My son’s kindergarten’s playground was a child’s dream. There were: climbing structures of varying types and heights, a playhouse, slides, a sandbox with toys (buckets, shovels, various vehicles), bicycles, tricycles, picnic tables, and a large grassy area where the kids could run around. There was even a hill that the kids could climb.

    Even the classrooms were set up for play. My son’s room had a bunk bed, a play kitchen, a hammock, blocks, Legos, stuffed animals, dolls, real kid-sized tools, and a quiet corner with lots of pillows. Kids would often jump off the top bunk onto a thick mattress. Sometimes the classes would exchange toys for variety. The kindergarten even had a gym where the kids played when the weather was too bad to go outside. The gym had balls, hoops, ropes, mats, and other fun things. There were some structured activities, such as art projects, hikes, or morning story time. But most of the time the kids were engaged in free play indoors or outdoors.

    There were several other American families who had their kids at my son’s kindergarten. But many of them withdrew their kids for one of two reasons: 1) Their kids weren’t learning any academics and they were afraid that their kids would fall behind their peers; 2) Their children (horror of horrors!) got dirty. When I picked my son up, he and his clothes were almost always dirty. That’s how I knew he had a good time.

  22. Sassystep, the way I would approach the “don’t know how to play” problem is to give the kids extended time and space (with no electronics and no books) and then refuse to play with them. Give them enough time to get bored and have to figure out what the heck there is to do.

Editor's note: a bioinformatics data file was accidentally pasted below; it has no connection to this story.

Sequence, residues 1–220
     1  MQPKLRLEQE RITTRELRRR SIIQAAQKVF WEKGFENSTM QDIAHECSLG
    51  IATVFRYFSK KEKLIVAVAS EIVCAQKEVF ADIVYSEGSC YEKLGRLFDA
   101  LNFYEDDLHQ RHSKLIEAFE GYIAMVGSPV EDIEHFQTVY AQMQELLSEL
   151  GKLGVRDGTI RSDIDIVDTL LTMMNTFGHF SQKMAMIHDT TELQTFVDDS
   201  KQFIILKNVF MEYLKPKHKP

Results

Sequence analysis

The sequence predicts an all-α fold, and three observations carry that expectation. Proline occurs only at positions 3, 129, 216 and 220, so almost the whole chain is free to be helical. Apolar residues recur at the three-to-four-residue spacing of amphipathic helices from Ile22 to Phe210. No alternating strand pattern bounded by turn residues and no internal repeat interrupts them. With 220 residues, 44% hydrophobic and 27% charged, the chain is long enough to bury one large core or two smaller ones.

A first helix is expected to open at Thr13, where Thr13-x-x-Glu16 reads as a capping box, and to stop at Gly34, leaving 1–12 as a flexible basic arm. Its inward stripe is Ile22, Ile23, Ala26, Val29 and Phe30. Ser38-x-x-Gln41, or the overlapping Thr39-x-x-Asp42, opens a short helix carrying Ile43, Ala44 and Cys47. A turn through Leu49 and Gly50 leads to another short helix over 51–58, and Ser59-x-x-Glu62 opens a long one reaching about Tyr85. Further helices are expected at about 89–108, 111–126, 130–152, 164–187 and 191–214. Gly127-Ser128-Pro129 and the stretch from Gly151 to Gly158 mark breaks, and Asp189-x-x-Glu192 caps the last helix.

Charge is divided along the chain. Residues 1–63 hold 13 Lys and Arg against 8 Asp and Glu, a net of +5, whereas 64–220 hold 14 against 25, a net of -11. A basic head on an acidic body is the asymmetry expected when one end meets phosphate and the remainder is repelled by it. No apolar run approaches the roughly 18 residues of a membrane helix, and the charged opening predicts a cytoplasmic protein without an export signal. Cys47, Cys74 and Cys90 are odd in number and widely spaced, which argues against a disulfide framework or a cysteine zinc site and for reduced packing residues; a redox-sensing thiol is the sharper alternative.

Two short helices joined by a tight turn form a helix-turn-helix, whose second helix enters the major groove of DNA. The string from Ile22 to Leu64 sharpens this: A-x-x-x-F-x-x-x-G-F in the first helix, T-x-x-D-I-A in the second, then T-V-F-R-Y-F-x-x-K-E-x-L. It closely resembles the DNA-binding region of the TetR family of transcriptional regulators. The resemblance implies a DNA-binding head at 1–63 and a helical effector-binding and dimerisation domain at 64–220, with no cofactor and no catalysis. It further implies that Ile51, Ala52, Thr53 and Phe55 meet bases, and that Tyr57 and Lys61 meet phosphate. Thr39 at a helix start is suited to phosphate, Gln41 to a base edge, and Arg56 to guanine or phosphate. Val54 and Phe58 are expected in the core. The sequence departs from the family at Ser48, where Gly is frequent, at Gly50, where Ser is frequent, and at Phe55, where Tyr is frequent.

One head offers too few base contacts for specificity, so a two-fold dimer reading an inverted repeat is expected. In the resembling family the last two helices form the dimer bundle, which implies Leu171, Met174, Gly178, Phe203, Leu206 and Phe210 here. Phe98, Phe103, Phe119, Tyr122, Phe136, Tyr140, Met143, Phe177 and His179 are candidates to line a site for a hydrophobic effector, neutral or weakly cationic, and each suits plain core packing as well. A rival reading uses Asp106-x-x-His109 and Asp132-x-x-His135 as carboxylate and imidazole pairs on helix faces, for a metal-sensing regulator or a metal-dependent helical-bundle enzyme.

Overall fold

Some examples of places that provide their own entertainment at that age would be a forest, a construction site, a car graveyard, even your own basement, attic, or shed. Basically anyplace where a kid might ask “I wonder what this is and what I can do with it” and go from there. You already have a leg up because you’re dealing with two kids together, not just one. One thing I remember doing when I was around that age was making my “own space” in our unfinished attic, by clearing it out and gathering stuff I could use for furniture, decorations, etc. No adult involvement necessary.

    My kids do know how to play despite being in a lot of structured activiites. It’s about balance. A half hour a day when they are in daycare anyway isn’t going to cramp their style. I’m more concerned about how to find balance once they are in 1st grade, as I have not identified an accessible after-school program with activities, and I would rather not take up our evenings with sports; yet I still want them to have some vigorous activities most days. I don’t expect the school to fill this gap, based on current trends.